Other Valid Claims

The court also held, as it did in its original opinion, that Mississippi law permits an excess carrier to seek recovery via equitable subrogation from an attorney hired by the primary carrier to defend the insured. Subrogation, it explained, is the substitution of one person in place of a creditor or claimant, so that the substituted person succeeds to the rights of the other in relation to the debt or claim.

The court found it logical that an excess carrier should be allowed to pursue a claim in the insured's place. Because Shady Lawn had insurance coverage to pay the settlement, it had no incentive to pursue a malpractice claim against Quintairos even if it believed that the law firm was negligent, the court noted.

Nor did Shady Lawn's primary insurer have an incentive to pursue a claim against the law firm for negligence, Griffis said, if it believed that the settlement value of the underlying cases was near the policy limits of the primary coverage.

In addition, the court concluded that Great American's complaint stated plausible claims against the law firm for:

  • negligent misrepresentation, by allegedly misrepresenting the settlement value of the case;
  • negligence, by not employing and designating expert witnesses; and
  • negligent supervision, by relying on allegedly inexperienced lawyers without partners or adequate trial counsel to handle the assigned cases in the Mississippi office of the firm's Florida-based practice.
Dissent: No Basis for Any Claims

Judge Virginia C. Carlton, joined by Judge Ermea J. Russell, argued in dissent that the trial court was correct to dismiss the case for failure to state a claim. Counsel hired by the primary insurer owed no duty as a result of that attorney-client relationship to the excess carrier, she contended.

Carlton disputed the idea that an attorney-client relationship arose merely because the law firm provided information to the excess carrier. The Mississippi Rules of Professional Conduct recognize that attorneys communicate with persons other than their clients, she pointed out.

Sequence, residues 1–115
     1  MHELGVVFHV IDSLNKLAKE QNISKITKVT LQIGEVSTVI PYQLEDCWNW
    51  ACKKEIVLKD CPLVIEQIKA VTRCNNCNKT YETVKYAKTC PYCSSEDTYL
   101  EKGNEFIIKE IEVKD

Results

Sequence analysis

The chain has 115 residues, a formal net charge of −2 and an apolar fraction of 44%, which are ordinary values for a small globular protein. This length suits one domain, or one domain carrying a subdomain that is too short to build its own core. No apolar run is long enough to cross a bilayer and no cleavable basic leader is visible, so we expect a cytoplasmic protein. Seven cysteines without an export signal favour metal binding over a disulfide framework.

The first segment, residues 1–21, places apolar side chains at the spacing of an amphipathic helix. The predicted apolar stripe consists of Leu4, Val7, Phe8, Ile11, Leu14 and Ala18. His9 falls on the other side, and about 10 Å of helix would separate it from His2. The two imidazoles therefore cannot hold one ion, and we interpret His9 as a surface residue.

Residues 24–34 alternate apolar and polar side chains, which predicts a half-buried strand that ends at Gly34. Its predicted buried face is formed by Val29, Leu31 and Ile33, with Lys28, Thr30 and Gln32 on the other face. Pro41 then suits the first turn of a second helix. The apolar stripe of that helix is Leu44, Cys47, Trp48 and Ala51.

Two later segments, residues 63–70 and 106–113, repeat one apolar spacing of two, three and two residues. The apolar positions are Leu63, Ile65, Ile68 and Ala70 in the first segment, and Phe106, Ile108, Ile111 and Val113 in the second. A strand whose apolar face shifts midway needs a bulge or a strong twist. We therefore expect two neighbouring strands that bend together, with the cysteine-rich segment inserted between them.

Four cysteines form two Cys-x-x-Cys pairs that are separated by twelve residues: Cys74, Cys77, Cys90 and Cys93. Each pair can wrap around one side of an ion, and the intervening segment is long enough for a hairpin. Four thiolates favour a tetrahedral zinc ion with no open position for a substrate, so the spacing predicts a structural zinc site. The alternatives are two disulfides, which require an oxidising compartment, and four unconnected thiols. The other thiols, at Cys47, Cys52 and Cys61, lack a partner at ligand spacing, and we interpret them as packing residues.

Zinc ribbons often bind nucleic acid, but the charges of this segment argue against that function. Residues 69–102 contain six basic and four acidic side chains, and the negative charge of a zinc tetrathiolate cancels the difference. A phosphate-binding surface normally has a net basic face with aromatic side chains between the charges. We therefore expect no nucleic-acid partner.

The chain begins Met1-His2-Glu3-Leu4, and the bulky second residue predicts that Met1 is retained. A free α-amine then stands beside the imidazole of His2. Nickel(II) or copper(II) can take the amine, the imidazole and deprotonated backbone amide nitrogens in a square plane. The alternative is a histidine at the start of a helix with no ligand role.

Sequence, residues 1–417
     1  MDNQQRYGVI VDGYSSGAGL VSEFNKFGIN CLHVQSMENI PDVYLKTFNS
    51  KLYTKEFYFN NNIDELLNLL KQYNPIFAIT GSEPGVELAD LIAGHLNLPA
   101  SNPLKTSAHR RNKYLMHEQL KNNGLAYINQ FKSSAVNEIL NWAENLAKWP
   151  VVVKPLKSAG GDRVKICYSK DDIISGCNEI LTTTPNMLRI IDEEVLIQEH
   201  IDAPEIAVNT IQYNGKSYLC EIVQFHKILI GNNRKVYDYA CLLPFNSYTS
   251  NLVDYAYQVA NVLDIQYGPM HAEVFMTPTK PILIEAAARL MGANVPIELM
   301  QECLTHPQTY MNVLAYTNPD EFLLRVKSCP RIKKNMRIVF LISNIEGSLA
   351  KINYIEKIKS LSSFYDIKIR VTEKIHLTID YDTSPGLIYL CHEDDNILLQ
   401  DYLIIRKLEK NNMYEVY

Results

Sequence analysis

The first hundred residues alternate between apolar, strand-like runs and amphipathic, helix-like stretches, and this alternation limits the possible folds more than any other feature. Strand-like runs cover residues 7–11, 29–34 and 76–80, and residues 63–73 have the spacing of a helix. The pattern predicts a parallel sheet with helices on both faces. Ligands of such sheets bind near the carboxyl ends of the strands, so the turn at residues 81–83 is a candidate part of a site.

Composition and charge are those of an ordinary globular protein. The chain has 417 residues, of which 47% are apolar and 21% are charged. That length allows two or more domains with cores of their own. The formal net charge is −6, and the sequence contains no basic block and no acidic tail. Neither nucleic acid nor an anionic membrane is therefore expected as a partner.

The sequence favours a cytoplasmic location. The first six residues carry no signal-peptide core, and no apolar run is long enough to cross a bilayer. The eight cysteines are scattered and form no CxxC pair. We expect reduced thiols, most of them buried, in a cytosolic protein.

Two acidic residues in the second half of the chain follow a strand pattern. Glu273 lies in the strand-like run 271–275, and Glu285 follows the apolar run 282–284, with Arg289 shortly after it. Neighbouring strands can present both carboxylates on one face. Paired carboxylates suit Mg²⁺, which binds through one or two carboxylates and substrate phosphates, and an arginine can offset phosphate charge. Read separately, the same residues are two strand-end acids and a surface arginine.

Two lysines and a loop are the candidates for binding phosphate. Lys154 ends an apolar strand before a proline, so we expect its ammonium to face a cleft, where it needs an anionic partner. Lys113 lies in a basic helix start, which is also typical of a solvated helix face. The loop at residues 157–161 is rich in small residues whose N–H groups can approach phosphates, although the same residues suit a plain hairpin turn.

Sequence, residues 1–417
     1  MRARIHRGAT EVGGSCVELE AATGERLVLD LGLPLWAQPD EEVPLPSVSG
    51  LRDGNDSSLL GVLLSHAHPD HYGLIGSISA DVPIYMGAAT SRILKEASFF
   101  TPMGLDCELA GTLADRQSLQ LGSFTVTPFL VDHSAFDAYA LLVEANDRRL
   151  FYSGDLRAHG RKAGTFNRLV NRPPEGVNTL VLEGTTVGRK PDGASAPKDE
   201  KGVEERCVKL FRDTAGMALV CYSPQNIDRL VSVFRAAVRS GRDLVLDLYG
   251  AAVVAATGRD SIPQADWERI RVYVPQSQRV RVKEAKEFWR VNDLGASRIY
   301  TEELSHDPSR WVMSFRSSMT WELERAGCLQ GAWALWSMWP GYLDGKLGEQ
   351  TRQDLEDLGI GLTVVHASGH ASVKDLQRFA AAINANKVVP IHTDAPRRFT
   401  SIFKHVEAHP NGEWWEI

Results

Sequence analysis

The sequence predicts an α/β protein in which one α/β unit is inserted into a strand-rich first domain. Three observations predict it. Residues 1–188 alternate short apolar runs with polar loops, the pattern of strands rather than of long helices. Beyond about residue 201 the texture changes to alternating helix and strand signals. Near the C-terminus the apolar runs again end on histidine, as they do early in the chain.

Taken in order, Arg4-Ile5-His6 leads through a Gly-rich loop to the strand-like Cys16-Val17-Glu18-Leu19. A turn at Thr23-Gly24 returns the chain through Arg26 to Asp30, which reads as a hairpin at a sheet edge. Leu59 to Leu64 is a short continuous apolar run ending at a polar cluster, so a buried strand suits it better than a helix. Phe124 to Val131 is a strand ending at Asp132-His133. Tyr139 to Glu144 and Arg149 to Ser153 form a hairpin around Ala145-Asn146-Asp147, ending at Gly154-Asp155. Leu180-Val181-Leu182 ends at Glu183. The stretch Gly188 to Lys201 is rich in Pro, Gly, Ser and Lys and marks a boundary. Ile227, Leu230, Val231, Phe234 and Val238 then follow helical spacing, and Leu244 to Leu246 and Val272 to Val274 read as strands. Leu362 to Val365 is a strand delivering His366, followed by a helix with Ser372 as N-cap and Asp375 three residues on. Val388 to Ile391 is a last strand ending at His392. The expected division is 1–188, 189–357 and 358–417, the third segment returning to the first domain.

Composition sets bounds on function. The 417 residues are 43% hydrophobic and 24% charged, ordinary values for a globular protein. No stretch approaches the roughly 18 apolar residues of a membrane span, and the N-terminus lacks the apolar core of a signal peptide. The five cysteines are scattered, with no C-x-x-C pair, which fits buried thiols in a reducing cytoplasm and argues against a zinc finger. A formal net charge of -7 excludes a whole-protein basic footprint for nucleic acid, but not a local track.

Moreover, Carlton said she saw no basis for the excess carrier's assertion that it reasonably relied on the insured's trial counsel to perform in the company's best interest as well.

If the excess carrier wanted the insured's counsel to represent its interests too, it could have negotiated and contracted for dual representation with appropriate waivers of conflicts of interests, she asserted.

Carlton also said the court should side with State Farm Fire & Cas. Co. v. Weiss, 194 P.3d 1063, 24 Law. Man. Prof. Conduct 481 (Colo. Ct. App. 2008), to bar an insurer from using equitable subrogation to sue lawyers who were retained to represent an insured.

Michael A. Heilman, Christopher T. Graham, and John W. Nisbett of Heilman Law Group, Jackson, Miss., represented Great American.

David A. Barfield and Steven L. Lacey of Barfield & Associates, Madison, Wis., represented the Quintairos firm.

For More Information

Full text at http://op.bna.com/mopc.nsf/r?Open=kswn-8r3svb.

The ABA/BNA Lawyers’ Manual on Professional Conduct is a joint publication of the American Bar Association Center for Professional Responsibility and BNA.

Copyright 2012, the American Bar Association and The Bureau of National Affairs, Inc. All Rights Reserved.